In The New York Times, Katie Thomas details the lawsuit retired police officer Lana Lawless has filed against the LPGA for banning potential competitors like her who are not born female.
Among the other targets of her legal action — and I’m not making any of this up, including her name — are the Long Drivers of America and Dick’s Sporting Goods, which are among the sponsors of this weekend’s LPGA event in California.
God forbid what the frat boy sports sites are going to do with all that, but I doubt it will be no more edifying than the latest Brett Favre brouhaha.
Thomas offers some interesting perspective from Renee Richards, who doesn’t agree with this claim by Lawless that goes to the heart of the transgender identity:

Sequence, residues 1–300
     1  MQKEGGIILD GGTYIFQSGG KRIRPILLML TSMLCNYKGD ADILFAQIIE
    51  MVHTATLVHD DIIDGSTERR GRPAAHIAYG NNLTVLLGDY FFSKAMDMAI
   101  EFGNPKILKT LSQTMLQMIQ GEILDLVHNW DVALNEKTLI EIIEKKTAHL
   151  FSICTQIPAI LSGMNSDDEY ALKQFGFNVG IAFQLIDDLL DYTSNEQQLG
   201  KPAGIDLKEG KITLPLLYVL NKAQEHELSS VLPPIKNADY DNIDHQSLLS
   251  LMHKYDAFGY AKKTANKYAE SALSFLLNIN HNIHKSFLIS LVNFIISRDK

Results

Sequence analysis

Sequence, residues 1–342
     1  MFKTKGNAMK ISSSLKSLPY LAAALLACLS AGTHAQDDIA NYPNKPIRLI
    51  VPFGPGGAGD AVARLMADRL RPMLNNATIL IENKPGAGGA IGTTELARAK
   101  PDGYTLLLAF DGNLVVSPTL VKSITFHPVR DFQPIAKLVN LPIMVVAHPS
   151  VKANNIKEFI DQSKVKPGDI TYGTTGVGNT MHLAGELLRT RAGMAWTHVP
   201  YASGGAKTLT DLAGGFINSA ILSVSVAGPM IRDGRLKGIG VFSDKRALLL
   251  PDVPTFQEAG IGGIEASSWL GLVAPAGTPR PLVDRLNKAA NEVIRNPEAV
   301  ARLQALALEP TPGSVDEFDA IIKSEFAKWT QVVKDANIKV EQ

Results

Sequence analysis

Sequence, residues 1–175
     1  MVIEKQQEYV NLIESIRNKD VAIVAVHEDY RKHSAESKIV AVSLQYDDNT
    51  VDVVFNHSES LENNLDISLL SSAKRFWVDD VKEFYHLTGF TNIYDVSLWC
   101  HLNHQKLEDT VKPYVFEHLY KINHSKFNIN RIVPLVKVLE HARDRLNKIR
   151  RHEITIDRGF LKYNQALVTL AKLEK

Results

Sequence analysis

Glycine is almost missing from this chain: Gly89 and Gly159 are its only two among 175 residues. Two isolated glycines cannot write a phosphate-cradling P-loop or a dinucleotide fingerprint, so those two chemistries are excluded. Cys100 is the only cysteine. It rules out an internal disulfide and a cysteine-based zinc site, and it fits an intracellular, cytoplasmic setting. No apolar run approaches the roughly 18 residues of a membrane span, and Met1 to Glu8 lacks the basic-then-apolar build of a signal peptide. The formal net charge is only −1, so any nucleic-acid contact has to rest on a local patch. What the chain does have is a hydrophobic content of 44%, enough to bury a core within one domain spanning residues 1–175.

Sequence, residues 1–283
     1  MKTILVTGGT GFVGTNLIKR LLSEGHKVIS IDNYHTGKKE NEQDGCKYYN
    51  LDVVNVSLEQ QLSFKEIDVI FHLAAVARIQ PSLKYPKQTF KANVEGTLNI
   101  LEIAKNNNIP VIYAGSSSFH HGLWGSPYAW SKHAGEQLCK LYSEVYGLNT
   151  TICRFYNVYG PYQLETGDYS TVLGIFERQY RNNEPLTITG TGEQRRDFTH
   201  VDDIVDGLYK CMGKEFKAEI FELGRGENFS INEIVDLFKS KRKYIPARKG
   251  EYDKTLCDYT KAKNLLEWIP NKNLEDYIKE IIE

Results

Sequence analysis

“There is no such thing as born female. Either you’re female, or you’re not.”
I appreciate the principles that people like Lawless are fighting for, but that declaration also goes to to the heart of what animates those who assert that gender is not fixed biologically but rather is a “social construct.”
I won’t wade into those troublesome waters here, and I haven’t been able yet to pore through this study on how to address the concerns of transgender athletes into high school and competitive sports.
Where this may fit into the larger spectrum of women and sports presents another quandary. How much time and energy should the women’s sports movement spend fighting for the rights of transgender athletes when there are so many pressing issues? I simply don’t know.
What I do know is that this is not what the LPGA had in mind when it was seeking greater mainstream media attention.